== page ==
He had an idea, he said.
What about a book like the retirement book,
about choreographers with their own companies
talking about where they get their inspiration.
It sounded like an excellent idea to all of us,
so Jim flew to Portland, Houston, and Minneapolis
to talk to up-and-coming choreographers.
In New York and its environs,
he talked to an array of dance experts as well as choreographers.
Dancemakers On Dancemaking,
is a treasure trove of artistic insight,
practical information and anecdotes
that make up dance history.
Jim thoroughly enjoyed putting this book together.
Jim Ellis was a remarkable man.
Soft-spoken, he never advertised his lawyerly command of language,
but all sorts of people found him both understanding and understandable.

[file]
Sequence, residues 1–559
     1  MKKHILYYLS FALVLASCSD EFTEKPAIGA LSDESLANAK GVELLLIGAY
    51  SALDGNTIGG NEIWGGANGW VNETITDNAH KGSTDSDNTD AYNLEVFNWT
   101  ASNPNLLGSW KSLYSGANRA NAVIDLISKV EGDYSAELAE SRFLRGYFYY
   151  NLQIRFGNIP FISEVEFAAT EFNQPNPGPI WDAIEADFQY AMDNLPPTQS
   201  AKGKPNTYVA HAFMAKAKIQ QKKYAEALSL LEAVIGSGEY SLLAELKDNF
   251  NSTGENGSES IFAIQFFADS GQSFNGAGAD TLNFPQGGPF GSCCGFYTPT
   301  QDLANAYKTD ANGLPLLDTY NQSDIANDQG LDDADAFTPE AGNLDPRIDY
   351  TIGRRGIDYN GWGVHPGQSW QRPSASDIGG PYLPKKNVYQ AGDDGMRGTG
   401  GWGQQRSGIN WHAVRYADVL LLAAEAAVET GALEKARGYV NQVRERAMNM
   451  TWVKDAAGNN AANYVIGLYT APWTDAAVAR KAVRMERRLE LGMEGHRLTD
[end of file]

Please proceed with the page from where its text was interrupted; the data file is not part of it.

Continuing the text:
The first thing one noticed about Jim was his appearance:
confident, curious, and graceful.
His training as an actor dovetailed with his training as a lawyer,
so there was enormous power behind his charming façade.
Jim had a paternal quality that underlay his other characteristics.
He had married Linda Abess when they were quite young
because Jim wanted to enjoy his children as they grew up.
He always cared about young people.
He never lost that comfortable way of letting others know
that he cared for them because he cared about them.
All of us who were lucky enough to have known Jim
carry his warmth and caring with us.
We miss him greatly.
Contributions in Jim’s memory
can be made to:
The Linda A. and James H. Ellis Foundation
c/o The Westchester Community Fund
200 North Central Park Avenue
Hartsdale, NY 10530